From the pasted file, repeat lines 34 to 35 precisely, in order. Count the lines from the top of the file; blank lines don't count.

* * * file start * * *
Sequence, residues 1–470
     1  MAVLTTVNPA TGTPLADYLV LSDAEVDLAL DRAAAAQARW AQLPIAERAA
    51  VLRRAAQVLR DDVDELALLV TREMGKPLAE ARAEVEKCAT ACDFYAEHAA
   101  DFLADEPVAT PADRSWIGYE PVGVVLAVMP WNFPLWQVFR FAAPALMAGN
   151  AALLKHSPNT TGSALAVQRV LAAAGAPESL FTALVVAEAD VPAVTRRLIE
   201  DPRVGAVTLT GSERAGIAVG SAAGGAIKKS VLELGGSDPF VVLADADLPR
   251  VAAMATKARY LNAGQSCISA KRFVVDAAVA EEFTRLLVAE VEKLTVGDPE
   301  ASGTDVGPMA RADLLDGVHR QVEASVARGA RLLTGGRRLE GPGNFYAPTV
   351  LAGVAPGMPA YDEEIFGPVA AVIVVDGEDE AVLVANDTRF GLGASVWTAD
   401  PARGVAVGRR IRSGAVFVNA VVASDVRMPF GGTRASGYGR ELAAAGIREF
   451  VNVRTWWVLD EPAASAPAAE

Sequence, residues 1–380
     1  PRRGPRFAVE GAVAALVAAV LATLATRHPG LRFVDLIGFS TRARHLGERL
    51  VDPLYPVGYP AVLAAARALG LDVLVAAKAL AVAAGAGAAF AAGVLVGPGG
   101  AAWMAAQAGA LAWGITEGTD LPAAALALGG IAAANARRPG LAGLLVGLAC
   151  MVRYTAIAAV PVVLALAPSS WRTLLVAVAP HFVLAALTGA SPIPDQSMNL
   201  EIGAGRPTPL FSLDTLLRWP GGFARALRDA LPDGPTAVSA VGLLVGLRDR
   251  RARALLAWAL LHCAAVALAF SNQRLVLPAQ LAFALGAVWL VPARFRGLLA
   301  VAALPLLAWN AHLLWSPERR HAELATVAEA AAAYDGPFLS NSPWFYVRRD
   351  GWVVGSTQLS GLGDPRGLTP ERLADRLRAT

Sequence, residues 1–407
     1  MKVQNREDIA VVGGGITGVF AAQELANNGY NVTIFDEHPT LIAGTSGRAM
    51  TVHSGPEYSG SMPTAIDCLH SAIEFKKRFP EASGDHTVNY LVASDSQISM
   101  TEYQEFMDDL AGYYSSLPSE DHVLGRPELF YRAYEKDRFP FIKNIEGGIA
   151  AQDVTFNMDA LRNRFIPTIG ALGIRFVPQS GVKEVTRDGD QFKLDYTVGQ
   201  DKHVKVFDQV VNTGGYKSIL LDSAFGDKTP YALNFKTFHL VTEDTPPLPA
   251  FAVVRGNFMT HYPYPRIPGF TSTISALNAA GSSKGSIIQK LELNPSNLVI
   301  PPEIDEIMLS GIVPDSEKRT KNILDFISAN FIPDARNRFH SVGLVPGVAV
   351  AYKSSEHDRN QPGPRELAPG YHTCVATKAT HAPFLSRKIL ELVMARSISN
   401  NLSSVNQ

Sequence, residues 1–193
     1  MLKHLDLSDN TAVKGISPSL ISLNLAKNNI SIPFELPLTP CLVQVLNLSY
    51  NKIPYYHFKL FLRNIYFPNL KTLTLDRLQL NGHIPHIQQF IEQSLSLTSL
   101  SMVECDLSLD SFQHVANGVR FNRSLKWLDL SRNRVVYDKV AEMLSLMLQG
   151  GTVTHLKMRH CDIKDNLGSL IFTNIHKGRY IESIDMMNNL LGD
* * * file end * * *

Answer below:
   101  SMVECDLSLD SFQHVANGVR FNRSLKWLDL SRNRVVYDKV AEMLSLMLQG
   151  GTVTHLKMRH CDIKDNLGSL IFTNIHKGRY IESIDMMNNL LGD